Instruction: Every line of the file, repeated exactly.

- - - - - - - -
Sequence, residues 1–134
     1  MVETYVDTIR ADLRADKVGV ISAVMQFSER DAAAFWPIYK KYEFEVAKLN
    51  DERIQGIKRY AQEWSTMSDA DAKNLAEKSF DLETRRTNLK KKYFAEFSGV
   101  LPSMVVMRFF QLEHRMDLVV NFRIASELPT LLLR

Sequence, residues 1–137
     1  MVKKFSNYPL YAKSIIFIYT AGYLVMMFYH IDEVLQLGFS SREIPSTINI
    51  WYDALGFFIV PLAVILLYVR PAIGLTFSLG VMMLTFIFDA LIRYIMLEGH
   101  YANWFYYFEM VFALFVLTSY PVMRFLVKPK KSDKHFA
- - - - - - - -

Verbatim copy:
Sequence, residues 1–134
     1  MVETYVDTIR ADLRADKVGV ISAVMQFSER DAAAFWPIYK KYEFEVAKLN
    51  DERIQGIKRY AQEWSTMSDA DAKNLAEKSF DLETRRTNLK KKYFAEFSGV
   101  LPSMVVMRFF QLEHRMDLVV NFRIASELPT LLLR

Sequence, residues 1–137
     1  MVKKFSNYPL YAKSIIFIYT AGYLVMMFYH IDEVLQLGFS SREIPSTINI
    51  WYDALGFFIV PLAVILLYVR PAIGLTFSLG VMMLTFIFDA LIRYIMLEGH
   101  YANWFYYFEM VFALFVLTSY PVMRFLVKPK KSDKHFA